What if, instead of fixating on the things we don’t like about ourselves, we obsessed about the things we love about ourselves?
As head of global leadership development, I spend a lot of time developing our company’s leaders. I put a great deal of energy and love into supporting our people so they can be their very best, each and every day.
It is easy for me to give so much care to the people with whom I work, yet I often fail to offer the same magnitude of love to myself.
As leaders, and in life, the most courageous act of goodwill we can each offer the planet starts with the measure of love we are able to offer ourselves.
In order to step forward into leadership, we first have to love ourselves enough to believe we have something to offer to our team, company, and the world.
Leadership requires that we believe in ourselves enough to value our unique capabilities, skills, and talents.
It’s impossible to live on this earth and not make an impact. Imagine what would happen if we were all casting off our negative self-talk, and strengthening the tender places of thin self-confidence while pursuing growth, our highest selves, and loving the people we are?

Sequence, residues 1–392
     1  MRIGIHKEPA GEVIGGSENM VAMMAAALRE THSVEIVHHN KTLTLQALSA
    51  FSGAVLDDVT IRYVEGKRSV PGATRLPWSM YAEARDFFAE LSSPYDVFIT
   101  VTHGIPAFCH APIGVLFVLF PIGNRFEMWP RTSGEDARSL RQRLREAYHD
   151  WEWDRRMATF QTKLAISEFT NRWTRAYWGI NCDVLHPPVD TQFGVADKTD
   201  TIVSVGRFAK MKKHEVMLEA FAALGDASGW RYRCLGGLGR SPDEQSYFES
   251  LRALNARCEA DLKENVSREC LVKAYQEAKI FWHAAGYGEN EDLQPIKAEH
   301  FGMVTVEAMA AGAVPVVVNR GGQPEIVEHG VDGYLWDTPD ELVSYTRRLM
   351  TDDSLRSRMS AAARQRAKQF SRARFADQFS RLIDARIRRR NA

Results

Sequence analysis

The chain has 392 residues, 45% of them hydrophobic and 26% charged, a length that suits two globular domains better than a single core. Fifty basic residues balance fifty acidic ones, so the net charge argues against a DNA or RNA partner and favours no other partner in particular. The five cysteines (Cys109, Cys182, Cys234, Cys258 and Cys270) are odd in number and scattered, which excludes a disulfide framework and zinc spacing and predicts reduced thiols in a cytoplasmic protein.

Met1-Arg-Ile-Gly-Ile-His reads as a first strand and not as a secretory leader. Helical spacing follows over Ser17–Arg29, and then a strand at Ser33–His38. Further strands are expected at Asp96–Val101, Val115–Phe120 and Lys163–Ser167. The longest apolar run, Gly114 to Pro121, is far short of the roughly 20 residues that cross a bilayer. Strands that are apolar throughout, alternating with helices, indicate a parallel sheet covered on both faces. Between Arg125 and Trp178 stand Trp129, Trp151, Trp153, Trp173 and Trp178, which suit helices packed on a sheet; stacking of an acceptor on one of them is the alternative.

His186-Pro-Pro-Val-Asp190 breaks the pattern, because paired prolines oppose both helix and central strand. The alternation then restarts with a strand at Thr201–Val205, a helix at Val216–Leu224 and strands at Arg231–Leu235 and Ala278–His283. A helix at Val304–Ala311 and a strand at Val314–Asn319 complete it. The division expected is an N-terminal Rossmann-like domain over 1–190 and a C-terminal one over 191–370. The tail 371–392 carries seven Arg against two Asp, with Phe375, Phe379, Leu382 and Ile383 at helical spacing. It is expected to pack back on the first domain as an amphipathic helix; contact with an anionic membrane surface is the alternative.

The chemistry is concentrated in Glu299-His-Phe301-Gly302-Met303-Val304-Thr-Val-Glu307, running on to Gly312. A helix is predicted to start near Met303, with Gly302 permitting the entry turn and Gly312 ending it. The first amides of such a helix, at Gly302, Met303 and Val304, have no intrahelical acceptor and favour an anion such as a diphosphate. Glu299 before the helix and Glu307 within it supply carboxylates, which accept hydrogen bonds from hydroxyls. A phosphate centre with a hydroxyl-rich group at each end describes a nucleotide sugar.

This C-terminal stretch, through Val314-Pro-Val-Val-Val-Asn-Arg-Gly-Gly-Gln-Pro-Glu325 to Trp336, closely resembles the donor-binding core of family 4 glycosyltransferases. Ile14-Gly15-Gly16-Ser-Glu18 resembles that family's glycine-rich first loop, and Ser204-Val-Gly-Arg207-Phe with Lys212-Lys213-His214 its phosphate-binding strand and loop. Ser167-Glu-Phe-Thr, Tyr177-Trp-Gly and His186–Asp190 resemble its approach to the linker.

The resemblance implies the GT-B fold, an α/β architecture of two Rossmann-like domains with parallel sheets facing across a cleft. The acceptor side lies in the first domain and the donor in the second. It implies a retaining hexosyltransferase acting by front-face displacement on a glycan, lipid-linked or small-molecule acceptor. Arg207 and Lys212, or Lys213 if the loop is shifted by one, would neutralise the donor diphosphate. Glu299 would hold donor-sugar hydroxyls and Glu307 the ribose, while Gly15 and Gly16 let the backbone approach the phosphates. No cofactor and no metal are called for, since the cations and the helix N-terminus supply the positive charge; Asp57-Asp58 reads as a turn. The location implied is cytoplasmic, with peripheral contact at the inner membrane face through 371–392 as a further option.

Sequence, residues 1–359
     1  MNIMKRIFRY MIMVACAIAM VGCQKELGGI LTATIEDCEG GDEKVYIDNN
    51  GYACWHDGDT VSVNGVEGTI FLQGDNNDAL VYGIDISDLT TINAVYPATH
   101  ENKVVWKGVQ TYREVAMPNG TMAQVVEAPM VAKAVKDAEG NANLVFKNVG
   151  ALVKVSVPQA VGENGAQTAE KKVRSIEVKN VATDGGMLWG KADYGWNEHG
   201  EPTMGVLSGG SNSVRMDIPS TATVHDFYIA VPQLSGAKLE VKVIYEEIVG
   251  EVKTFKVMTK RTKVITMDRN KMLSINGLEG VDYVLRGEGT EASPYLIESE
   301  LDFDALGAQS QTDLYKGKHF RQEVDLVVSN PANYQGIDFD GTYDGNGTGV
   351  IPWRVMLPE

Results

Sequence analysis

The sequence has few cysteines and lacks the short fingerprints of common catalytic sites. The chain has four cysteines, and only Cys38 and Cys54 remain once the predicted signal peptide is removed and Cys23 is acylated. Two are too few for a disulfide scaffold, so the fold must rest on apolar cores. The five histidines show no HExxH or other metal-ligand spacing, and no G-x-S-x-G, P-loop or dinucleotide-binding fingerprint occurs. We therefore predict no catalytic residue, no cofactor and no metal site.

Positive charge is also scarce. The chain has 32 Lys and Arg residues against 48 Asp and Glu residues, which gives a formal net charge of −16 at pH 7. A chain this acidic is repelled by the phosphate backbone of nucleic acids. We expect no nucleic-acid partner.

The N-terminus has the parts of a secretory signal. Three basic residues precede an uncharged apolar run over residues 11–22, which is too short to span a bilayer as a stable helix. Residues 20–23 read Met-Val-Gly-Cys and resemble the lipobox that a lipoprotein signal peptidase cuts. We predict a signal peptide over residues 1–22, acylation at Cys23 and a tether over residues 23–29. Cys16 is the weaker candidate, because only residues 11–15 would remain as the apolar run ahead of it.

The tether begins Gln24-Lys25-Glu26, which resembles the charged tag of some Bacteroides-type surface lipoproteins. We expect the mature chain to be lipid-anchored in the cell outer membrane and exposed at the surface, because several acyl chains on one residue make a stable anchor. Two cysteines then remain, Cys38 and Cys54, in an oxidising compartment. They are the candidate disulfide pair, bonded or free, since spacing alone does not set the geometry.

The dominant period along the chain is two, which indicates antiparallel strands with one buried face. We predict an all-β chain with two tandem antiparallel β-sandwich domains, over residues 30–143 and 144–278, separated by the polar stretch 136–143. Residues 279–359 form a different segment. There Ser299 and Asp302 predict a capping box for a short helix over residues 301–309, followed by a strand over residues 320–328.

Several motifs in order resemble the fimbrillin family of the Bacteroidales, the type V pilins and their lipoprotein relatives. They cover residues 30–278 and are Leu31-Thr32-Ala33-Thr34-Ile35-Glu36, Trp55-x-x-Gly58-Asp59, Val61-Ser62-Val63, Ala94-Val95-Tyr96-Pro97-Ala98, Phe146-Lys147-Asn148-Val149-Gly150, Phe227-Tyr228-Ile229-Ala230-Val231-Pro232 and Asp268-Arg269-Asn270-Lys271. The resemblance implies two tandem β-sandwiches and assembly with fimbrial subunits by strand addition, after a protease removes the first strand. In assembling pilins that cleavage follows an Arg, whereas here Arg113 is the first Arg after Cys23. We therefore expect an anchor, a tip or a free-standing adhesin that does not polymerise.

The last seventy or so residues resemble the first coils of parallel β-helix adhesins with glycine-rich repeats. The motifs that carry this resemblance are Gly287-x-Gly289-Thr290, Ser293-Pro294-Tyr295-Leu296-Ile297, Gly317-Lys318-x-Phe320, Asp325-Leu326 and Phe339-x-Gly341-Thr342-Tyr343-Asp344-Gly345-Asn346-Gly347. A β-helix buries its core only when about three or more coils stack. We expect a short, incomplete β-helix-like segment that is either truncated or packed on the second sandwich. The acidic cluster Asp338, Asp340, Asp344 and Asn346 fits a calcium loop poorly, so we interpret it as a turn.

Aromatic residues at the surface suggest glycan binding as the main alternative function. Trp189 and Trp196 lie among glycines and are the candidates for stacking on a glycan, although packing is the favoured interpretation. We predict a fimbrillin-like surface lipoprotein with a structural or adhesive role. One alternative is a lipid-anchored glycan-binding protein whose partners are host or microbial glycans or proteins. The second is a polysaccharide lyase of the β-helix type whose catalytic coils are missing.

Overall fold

The opposite of self-love is not being enough. Believing we are lacking or unfit in some way. There is even a word for this: Atelphobia – the fear of not being enough. It’s a thing. It EVEN has a name.
We need a world that offers more love. To others, but especially to ourselves.
Remember that old adage, “You can’t love someone else until you love yourself?” All my life, I’ve been hoping to skip over the self-love part. To gloss over all the aspects of myself that are uncomfortable, quirky, ugly, annoying, imperfect, and unseemly. I had hoped to float over all of that, and instead, focus on loving everyone and everything else around me.
I did this for a long time, because for me, I came to realize, I am the hardest person for me to love.
Also, it’s downright dangerous. When I didn’t love myself, I allowed other people’s ideas and appraisals to matter more than my own. Without self-love, focusing all my love on other people outside of myself, left me open to blindly following the guidance of others. I believed in their opinions more than my own. Most importantly, rather than offering love to myself, acceptance, and appreciation, I allowed others to determine whether or not I was loveable, worthy.
Missing Self-Love Means Missed Opportunities
If I asked you to name all the things that you love, how long would it take for you to name yourself?